Strike threat shows need for SB5
Even the threat of a strike at YSU is unacceptable. The students are innocent victims in this entire situation, essentially held hostage by the OEA. Many students including myself work two or three jobs to just get by and pay tuition.
The threat of a strike is why S.B. 5, now known as Issue 2, must pass. Striking in the private sector is one thing because that only affects a small aspect of the community. But a strike in the public sector is much more harmful. YSU has approximately 16,000 students. A strike would affect each and every one of them because of a delayed or worse case scenario canceled semester. It would affect the entire community. The people of Youngstown are held hostage to the OEA’s greed.
Our tuition has gone up 3.5 percent this year, yet the faculty expects a raise? That is intolerable. How is that fair to the students who work so hard to get through school? At a time where unemployment sits at skyrocket highs and working class people are forced to take pay cuts and benefit reductions, why should we continue to give those in the public sector more and more raises?
The union is fighting one major issue and that is health-care coverage. The administration asks that they pay 15 percent toward their benefits, but the OEA cries foul over this. Currently YSU employees pay a small percentage toward their benefits. As health-care costs continue to climb it is a fair request that the union’s employees pay their fair share.
The state’s $8 billion budget deficit affected us all. With the budget cuts, funding was lost. Students sucked up and accepted their 3.5 percent tuition increase this year. We sacrificed; it is time our professors do the same. The administration simply asked for a pay freeze, yet the union claimed it was being asked for a pay cut.
The threat of a strike just days before the start of the fall semester is why collective bargaining reform known as Issue 2 is so vital to not only the financial security of our state, but to the fairness towards students for years to come.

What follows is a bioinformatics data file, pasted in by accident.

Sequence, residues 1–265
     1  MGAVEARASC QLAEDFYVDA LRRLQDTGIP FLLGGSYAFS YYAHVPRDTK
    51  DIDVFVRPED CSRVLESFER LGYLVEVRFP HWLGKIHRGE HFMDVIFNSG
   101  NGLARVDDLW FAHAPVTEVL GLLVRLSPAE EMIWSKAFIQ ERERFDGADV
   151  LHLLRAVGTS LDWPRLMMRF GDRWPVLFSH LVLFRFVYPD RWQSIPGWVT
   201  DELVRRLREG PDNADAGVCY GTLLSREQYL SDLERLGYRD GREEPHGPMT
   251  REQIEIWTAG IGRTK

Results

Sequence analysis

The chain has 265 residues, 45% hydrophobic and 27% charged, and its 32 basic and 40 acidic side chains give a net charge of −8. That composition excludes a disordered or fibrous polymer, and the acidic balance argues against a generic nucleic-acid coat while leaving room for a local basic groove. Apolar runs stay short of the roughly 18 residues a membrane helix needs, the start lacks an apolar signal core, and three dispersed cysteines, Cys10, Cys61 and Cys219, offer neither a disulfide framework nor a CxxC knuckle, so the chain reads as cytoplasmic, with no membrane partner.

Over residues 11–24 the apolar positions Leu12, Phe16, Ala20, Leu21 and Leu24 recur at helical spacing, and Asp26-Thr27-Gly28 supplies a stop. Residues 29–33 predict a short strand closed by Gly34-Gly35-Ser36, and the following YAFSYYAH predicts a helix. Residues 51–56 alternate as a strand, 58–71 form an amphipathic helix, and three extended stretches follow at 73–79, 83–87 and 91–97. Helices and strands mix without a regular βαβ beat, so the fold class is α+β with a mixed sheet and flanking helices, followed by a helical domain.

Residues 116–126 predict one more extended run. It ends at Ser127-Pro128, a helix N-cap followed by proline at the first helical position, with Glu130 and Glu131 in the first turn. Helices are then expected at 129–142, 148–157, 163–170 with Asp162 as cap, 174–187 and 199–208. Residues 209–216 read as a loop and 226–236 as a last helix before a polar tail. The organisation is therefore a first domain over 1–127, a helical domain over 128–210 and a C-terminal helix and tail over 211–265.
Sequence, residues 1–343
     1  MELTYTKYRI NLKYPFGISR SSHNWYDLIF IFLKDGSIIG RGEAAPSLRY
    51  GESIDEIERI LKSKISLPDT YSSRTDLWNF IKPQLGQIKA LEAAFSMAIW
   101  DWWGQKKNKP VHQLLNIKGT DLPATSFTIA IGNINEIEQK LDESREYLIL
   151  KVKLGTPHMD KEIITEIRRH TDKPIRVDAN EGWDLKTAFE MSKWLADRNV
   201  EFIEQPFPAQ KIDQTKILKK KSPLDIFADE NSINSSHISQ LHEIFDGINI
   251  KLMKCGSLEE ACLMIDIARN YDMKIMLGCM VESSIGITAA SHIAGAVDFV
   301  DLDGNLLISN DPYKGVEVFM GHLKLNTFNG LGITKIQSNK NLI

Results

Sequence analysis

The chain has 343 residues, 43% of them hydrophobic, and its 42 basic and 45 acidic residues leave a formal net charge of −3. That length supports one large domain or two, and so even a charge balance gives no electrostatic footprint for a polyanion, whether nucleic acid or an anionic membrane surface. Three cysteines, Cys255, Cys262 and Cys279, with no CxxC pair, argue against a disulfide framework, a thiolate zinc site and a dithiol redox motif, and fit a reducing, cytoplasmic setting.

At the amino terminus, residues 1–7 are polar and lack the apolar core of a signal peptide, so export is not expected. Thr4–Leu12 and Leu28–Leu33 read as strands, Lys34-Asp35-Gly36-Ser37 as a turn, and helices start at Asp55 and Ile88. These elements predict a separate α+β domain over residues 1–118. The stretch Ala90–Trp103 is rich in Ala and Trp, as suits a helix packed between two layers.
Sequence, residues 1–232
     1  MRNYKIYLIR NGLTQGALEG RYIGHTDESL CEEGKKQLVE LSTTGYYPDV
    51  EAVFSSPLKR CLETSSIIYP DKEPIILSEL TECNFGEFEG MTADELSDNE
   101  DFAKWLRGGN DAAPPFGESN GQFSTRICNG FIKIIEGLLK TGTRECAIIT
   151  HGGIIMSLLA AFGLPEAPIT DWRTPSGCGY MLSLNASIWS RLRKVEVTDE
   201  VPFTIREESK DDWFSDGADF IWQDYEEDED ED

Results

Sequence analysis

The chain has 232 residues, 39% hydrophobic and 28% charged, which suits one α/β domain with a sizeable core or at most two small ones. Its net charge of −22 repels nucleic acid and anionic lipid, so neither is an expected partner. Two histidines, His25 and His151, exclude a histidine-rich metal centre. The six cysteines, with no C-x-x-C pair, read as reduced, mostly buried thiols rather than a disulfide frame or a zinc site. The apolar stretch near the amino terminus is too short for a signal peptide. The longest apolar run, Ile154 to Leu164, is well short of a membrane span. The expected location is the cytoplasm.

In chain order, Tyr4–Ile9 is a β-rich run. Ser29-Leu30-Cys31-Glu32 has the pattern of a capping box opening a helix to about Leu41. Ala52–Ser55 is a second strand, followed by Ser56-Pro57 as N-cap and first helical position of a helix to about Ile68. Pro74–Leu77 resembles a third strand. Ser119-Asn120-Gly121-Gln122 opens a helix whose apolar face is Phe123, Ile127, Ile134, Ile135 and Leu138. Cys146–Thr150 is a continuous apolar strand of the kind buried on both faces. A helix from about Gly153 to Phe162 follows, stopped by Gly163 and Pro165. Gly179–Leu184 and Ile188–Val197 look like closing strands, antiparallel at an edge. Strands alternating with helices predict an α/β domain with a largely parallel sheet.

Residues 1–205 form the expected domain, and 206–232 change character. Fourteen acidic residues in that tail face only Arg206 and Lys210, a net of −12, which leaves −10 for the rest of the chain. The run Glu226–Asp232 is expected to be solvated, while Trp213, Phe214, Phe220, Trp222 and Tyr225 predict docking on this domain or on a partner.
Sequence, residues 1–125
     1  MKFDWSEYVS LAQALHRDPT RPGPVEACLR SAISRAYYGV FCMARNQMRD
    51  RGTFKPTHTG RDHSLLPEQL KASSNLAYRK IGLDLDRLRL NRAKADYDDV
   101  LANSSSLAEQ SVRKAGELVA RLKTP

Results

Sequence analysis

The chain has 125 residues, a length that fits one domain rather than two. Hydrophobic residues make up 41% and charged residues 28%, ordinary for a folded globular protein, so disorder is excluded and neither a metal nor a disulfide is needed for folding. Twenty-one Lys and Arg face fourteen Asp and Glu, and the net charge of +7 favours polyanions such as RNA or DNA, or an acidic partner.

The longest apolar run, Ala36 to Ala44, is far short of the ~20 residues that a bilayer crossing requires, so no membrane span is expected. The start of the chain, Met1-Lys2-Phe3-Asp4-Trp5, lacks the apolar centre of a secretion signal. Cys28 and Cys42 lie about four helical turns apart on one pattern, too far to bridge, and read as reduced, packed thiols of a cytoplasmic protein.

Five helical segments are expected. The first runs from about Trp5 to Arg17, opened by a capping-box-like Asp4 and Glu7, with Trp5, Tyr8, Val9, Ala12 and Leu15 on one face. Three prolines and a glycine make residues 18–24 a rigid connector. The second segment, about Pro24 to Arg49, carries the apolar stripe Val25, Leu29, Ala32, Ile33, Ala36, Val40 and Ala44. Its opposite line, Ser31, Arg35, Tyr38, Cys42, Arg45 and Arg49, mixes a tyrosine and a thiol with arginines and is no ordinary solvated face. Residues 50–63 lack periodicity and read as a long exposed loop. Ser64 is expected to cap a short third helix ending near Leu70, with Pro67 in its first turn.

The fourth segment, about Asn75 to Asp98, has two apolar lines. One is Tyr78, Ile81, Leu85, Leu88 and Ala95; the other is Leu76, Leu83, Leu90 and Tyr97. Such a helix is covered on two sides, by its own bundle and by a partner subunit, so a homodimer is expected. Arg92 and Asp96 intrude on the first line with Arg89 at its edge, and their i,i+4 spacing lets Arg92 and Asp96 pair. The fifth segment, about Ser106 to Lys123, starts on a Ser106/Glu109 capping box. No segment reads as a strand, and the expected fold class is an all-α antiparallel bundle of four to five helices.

Ryan Beil, Boardman
The writer is vice chairman of YSU College Republicans.
Don’t blame the faculty at YSU
Strikes are tough. And, in the end, no one wins. Yet, when lost in a forest, the only way to survive is to take the difficult route. One thing is clear, the situation at Youngstown State University is not the fault of the faculty. They were not asking for more money, only to maintain a semblance of their already meager wages.
It is a common misconception that instructors make an absurd amount of money. Have you ever met the YSU faculty? Most don’t. Most are just like any of us. They drive old cars, live in normal houses and struggle to pay off their debts and loans.
In spite of this, they were willing to take a massive pay cut, but that was not good enough for the administration.
YSU wants to expand and grow, but no remodeled building is going to make the school any better. It takes the hard work of a faculty who put in countless hours outside of class supporting and connecting with students.
Never once during my time at YSU have I looked at the Rec Center and said, “Wow! This building really changed my life, I’m so glad I came to YSU!”
On the other hand, there have been numerous occasions when the faculty has had the power to affect me. Through words of encouragement, advice and motivation, the faculty of YSU has pushed me to do my best and grow as a student, writer and person.
The faculty is the reason YSU matters. Don’t let pettiness take attention away from that.
Matthew Lattanzi, North Jackson